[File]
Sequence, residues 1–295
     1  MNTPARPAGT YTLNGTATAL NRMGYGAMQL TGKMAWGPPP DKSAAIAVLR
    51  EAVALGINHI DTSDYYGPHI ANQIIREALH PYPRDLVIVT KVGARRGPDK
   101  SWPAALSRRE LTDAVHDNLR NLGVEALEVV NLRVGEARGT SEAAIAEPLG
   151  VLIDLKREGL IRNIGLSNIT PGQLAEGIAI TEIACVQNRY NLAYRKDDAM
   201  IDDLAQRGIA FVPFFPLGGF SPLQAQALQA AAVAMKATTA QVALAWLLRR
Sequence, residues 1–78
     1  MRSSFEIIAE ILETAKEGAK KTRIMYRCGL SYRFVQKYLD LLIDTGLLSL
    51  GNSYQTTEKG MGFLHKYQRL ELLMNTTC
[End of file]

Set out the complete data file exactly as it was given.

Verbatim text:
Sequence, residues 1–295
     1  MNTPARPAGT YTLNGTATAL NRMGYGAMQL TGKMAWGPPP DKSAAIAVLR
    51  EAVALGINHI DTSDYYGPHI ANQIIREALH PYPRDLVIVT KVGARRGPDK
   101  SWPAALSRRE LTDAVHDNLR NLGVEALEVV NLRVGEARGT SEAAIAEPLG
   151  VLIDLKREGL IRNIGLSNIT PGQLAEGIAI TEIACVQNRY NLAYRKDDAM
   201  IDDLAQRGIA FVPFFPLGGF SPLQAQALQA AAVAMKATTA QVALAWLLRR
Sequence, residues 1–78
     1  MRSSFEIIAE ILETAKEGAK KTRIMYRCGL SYRFVQKYLD LLIDTGLLSL
    51  GNSYQTTEKG MGFLHKYQRL ELLMNTTC